An interview with The American Journal of Managed Care about the PAN Challenge grant.
The following is a summary of a Q&A with Patient Access Network (PAN) Foundation President and CEO Dan Klein by The American Journal of Managed Care. A segment of the interview can be viewed here.
What are some of the healthcare access barriers for patients with chronic diseases?
The high cost sharing tiers for specialty medications are a leading barrier to access. The features within these health insurance plans, such as high deductibles, high co-pays, and coinsurance, make it difficult for patients to either initiate, or stay on, treatment.
Prior authorization is another factor that limits access to the newest or the most innovative treatments for many patients. Other patients may be affected by network limitations; they may be restricted to the providers that they can use, or to the hospitals or other healthcare facilities that they can go to for care.
How have the costs of specialty medications influenced patient access?
The use of cost sharing, such as high deductibles and co-pays, by health insurance plans and pharmacy benefit managers have been focused on specialty drugs because they tend to be higher cost. To limit their financial exposure, payers have developed cost-sharing strategies that disproportionately affect specialty medications. This problem is critical for people with chronic and life-threatening illnesses because they tend to use specialty medications more than people with more common illnesses or conditions. Generally, the outcome has been that access is difficult for many of these people.
How have new care delivery models influenced patient access?
New approaches, like accountable care organizations, have facilitated access and have tried to help patients navigate the healthcare system. Many patients are still facing challenges with the complexity of treatment, so organizations that focus on helping patients through the maze of the healthcare system have improved adherence and success with therapy. Hopefully, more organizations will continue to try to focus on quality and provide more patient support services as part of the treatment protocol they follow.
What role does the PAN Foundation play to ensure patients continue receiving quality treatment?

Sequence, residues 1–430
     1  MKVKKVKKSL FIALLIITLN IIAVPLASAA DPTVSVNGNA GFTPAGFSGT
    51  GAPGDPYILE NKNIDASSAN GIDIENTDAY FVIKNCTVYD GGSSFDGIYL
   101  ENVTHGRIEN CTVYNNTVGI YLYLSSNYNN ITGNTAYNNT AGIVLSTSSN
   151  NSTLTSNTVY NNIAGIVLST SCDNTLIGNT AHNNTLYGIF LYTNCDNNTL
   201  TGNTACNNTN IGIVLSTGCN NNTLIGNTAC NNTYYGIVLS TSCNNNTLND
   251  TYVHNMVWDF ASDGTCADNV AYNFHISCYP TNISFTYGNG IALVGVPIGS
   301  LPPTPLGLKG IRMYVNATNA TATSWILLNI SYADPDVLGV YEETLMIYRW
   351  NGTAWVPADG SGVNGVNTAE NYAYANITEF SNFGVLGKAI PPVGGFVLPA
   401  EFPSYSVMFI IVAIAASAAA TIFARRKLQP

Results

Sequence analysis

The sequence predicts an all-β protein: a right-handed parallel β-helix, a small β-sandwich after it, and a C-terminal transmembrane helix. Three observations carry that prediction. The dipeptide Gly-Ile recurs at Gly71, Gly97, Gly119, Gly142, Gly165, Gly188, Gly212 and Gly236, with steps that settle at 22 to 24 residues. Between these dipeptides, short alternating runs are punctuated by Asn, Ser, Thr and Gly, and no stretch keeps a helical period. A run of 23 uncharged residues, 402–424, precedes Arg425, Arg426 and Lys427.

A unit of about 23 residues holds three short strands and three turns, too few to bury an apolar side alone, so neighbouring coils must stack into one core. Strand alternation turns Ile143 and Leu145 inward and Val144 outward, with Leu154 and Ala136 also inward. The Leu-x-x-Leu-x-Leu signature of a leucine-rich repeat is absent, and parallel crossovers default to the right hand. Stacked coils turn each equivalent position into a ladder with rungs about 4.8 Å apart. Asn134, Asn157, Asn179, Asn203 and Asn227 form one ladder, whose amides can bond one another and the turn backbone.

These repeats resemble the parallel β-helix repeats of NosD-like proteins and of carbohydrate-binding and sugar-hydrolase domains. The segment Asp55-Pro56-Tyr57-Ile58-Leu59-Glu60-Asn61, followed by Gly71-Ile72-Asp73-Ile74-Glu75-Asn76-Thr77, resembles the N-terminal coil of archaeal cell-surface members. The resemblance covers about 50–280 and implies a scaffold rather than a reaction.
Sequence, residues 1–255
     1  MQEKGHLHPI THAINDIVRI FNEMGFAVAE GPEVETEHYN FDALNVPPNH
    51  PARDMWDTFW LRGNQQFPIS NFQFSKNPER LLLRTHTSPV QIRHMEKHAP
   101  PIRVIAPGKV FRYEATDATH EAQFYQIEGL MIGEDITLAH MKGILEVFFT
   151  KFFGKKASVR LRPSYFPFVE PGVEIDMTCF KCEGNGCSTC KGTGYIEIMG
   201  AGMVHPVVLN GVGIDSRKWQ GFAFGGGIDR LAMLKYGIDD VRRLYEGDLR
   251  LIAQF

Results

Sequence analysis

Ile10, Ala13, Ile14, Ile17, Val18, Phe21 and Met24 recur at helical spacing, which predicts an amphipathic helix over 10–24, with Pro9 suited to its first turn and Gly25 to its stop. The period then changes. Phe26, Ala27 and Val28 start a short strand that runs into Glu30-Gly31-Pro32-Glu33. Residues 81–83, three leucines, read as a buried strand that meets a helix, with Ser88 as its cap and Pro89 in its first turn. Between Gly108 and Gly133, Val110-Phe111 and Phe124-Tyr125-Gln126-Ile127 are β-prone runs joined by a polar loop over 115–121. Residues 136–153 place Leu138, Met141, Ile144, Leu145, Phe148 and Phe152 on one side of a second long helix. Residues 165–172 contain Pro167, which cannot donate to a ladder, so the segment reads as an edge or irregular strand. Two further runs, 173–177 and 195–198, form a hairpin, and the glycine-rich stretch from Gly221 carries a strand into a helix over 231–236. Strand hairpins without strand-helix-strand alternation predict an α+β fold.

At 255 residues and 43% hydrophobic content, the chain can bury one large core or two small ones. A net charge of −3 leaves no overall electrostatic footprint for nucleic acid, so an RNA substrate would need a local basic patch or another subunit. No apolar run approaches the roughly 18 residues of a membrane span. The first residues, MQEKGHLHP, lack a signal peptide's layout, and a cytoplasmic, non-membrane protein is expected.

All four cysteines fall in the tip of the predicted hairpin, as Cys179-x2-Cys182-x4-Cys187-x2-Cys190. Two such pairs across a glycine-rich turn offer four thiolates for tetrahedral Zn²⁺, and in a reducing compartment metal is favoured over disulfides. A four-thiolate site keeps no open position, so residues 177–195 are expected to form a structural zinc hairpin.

The biggest role that PAN plays is to eliminate the financial barriers that: 1) prevent patients from initiating treatment in a timely fashion; and 2) make it difficult for patients to stay on and complete treatment. By eliminating deductibles and co-pays, particularly for patients who are using specialty medications, PAN has encouraged patients to stay on therapy and be more successful with their therapies.
Could you provide an overview of the new PAN Challenge grant?
The PAN Challenge is an effort to stimulate a discussion on sustainable ways to balance the cost sharing and financial issues for patients who are on specialty medications. We anticipate that the PAN Challenge will identify creative solutions that strike a balance between addressing the economic issues and the access and adherence issues. We are hoping that the PAN Challenge will get some of the best and the brightest thinkers from academia and from healthcare systems to put forward their thoughts in terms of how to address the challenges around cost sharing and being able to sustain the kinds of new and innovative treatments that specialty medications represent.
What is the importance of the challenge on healthcare policy overall and do you hope or expect the winners to influence policy?
The PAN Challenge addresses a key issue, which is how much should we ask patients to share in the cost of their care, especially patients who have chronic or life-threatening conditions. These patients are often the least able to pay for the cost of their treatment because, many times, they are unable to work and may be dealing with all of the issues around the illness, such as those that affect work and family.
We’re optimistic that the PAN Challenge will lead to good ideas coming forward, and we’re very hopeful that the healthcare policymakers will hear some of these ideas and perhaps adopt them as they look at ways to address the question of how to balance economic issues with access, affordability, and adherence issues. Whether or not the PAN Challenge gets translated directly into public policy is hard to say at this point.